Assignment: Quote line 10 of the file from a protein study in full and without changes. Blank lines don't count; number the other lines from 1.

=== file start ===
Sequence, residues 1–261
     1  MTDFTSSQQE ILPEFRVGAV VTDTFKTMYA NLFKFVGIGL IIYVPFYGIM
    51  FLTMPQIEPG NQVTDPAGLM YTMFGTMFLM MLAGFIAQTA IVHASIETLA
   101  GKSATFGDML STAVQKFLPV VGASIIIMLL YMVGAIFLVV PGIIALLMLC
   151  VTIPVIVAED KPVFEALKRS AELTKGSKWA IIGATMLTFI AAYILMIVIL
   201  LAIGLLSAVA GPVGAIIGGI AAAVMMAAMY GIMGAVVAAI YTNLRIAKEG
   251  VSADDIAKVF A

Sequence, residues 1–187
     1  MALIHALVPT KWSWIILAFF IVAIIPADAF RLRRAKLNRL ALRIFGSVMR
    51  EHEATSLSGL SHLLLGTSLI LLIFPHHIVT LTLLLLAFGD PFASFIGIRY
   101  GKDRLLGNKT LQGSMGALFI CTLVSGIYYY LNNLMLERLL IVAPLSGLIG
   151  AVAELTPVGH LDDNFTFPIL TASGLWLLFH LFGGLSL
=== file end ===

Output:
    51  EHEATSLSGL SHLLLGTSLI LLIFPHHIVT LTLLLLAFGD PFASFIGIRY